Off-pump multivessel coronary artery bypass utilizing the Octopus tissue stabilization system: initial experience in 374 patients from three separate centers.Heart Surg Forum. 1999; 2(1):15-28.HS
Renewed interest in coronary artery bypass without heart-lung support has lead to the development of specialized instrumentation to permit surgical exposure and grafting in all territories of the beating heart. This report summarizes the results of a multicenter, prospective trial using a single system of mechanical stabilization for multivessel revascularization without cardiopulmonary bypass.
Three principal investigators at different institutions performed off-pump coronary grafting utilizing the Medtronic Octopus suction stabilization system which provides a motionless region encompassing the target coronary artery. Positioning and stabilization strategies evolved during the trial but eventually lead to a consistent approach for accessing all regions of the heart. Clinical data sets were collected prospectively and pooled for evaluation of early and short-term endpoints of success.
A total of 374 patients underwent beating heart coronary bypass procedures with only a single death for an in-hospital 30-day mortality rate of 0.26%. There were 140 single-vessel revascularizations (37.4% of patients), 119 double coronary grafts (31.8%), 90 triple-vessel grafts (24.1%), and 25 four-vessel grafts (6.7%), for a mean of 1.96 grafts per patient. If the single vessel cases are removed from analysis, the mean number of grafts performed in the multivessel cohort was 2.6 grafts per patient. All anatomic regions of the heart were successfully grafted including traditionally difficult locations such as the obtuse marginal branches of the circumflex and posterior descending branches of the right coronary artery. Only one patient suffered a new neurologic deficit which occurred 15 days postoperatively, for an overall incidence of only 0.26%. No patient required a new intra-aortic balloon pump or dialysis for renal insufficiency. The incidence of atrial fibrillation (12.8%) was age related and essentially unchanged from the overall incidence observed in patients operated at the same institutions using conventional techniques.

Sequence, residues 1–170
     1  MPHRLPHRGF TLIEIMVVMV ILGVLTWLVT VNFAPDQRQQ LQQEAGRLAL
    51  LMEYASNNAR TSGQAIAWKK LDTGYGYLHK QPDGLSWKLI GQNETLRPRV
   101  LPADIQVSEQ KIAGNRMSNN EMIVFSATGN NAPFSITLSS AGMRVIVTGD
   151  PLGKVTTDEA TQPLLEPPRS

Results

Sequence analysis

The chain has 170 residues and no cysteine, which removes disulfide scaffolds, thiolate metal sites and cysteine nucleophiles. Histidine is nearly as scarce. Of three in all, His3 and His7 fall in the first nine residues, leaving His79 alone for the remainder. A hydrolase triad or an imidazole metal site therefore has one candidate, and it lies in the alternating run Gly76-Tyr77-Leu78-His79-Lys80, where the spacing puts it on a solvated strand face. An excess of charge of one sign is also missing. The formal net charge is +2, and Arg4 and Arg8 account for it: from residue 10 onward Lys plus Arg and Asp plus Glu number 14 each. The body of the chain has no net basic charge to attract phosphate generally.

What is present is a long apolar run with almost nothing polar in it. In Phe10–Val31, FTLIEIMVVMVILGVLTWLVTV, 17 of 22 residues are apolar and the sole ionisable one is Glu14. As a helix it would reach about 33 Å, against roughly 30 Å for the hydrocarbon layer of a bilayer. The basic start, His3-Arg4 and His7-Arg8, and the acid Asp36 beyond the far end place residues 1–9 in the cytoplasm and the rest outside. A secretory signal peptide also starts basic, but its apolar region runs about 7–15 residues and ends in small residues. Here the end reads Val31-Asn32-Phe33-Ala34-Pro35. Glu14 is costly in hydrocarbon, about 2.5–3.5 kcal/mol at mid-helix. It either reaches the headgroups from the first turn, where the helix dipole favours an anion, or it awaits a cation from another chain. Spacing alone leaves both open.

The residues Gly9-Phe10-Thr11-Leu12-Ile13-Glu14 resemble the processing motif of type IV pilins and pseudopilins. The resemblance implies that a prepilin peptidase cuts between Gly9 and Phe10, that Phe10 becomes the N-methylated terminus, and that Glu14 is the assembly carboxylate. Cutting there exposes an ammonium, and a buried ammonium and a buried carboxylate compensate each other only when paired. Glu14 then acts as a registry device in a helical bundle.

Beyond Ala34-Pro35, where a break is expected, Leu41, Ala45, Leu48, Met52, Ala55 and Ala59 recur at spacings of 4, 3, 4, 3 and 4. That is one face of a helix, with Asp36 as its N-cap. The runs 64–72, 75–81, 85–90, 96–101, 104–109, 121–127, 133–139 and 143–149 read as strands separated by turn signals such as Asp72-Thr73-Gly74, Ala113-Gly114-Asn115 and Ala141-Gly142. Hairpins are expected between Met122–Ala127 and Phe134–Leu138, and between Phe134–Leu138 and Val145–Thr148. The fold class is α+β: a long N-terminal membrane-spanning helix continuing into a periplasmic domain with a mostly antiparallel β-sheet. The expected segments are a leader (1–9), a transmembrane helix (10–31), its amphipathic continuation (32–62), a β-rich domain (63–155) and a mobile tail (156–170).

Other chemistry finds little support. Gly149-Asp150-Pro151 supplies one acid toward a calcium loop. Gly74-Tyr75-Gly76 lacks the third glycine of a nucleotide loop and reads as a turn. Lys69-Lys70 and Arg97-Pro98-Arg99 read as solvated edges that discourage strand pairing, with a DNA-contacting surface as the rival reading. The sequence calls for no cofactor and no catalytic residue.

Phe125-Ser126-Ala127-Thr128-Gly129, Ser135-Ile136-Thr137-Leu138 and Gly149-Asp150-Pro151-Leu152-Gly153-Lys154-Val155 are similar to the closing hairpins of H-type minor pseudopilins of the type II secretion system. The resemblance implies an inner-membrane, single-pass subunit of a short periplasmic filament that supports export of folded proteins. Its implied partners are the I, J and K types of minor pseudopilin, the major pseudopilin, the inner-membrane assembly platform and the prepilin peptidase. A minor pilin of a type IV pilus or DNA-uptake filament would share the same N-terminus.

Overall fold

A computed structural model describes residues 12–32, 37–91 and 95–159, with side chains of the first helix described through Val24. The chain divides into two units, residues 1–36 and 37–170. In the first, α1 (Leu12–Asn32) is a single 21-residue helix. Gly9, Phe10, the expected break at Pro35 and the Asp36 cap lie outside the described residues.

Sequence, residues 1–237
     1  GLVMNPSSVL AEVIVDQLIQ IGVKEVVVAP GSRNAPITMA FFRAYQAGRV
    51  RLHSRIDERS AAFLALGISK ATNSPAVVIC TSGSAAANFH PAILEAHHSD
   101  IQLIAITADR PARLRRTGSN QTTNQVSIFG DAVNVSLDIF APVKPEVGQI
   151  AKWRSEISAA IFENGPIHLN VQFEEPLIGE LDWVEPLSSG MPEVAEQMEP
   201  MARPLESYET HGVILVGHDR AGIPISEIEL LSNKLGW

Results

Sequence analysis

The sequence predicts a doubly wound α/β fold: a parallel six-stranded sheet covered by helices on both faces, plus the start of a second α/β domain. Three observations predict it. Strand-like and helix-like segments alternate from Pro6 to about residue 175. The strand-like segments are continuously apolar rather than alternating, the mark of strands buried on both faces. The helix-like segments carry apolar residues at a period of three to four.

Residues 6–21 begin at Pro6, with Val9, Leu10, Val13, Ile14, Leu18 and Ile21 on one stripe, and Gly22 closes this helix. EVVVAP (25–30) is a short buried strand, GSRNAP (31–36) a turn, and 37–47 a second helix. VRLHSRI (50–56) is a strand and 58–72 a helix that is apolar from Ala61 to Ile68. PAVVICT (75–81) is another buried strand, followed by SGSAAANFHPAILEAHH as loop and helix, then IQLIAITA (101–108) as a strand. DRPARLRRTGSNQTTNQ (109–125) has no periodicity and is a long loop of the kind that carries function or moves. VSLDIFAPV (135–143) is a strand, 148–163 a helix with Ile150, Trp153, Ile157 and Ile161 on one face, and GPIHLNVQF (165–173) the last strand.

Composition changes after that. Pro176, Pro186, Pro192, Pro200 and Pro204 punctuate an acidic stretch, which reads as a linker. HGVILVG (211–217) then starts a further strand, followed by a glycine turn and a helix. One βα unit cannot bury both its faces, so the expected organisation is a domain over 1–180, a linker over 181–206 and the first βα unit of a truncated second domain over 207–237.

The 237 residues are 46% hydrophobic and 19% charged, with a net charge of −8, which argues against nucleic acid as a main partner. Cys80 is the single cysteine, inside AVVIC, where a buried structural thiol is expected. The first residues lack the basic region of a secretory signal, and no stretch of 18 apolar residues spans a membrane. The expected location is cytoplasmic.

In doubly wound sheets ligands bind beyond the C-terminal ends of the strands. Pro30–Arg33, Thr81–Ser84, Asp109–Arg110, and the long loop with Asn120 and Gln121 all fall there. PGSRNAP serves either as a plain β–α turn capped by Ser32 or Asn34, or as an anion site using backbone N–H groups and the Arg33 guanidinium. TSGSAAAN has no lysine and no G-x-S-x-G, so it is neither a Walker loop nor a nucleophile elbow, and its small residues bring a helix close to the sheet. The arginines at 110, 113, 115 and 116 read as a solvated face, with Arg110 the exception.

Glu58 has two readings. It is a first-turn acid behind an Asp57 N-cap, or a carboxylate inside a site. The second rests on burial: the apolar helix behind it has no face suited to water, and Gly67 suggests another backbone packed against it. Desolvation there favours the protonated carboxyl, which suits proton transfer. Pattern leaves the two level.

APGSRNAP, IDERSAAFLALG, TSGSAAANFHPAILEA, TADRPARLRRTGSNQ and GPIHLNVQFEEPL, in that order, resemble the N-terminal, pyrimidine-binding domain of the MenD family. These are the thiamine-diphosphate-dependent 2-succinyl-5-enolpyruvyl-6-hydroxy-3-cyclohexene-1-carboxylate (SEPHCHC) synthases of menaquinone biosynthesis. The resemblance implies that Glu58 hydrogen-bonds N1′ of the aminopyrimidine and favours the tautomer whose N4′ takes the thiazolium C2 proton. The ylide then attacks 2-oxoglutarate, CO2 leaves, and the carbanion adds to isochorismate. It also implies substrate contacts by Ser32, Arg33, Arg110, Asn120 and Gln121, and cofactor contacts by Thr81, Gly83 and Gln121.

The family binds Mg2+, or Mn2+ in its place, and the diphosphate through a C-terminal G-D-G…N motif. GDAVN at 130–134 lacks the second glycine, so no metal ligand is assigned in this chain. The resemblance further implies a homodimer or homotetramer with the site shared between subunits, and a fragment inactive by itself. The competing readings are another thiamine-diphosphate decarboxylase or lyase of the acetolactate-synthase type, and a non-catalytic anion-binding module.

Multivessel grafting on the beating heart using the Octopus stabilization system results in remarkably low perioperative mortality and morbidity, with very low incidences of cerebrovascular, renal, and respiratory complications. However, the incidence of postoperative atrial fibrillation is not reduced. Expanded clinical use of beating heart surgery with suction-based stabilization appears to be a promising technique for achieving global revascularization without the need for cardiopulmonary bypass.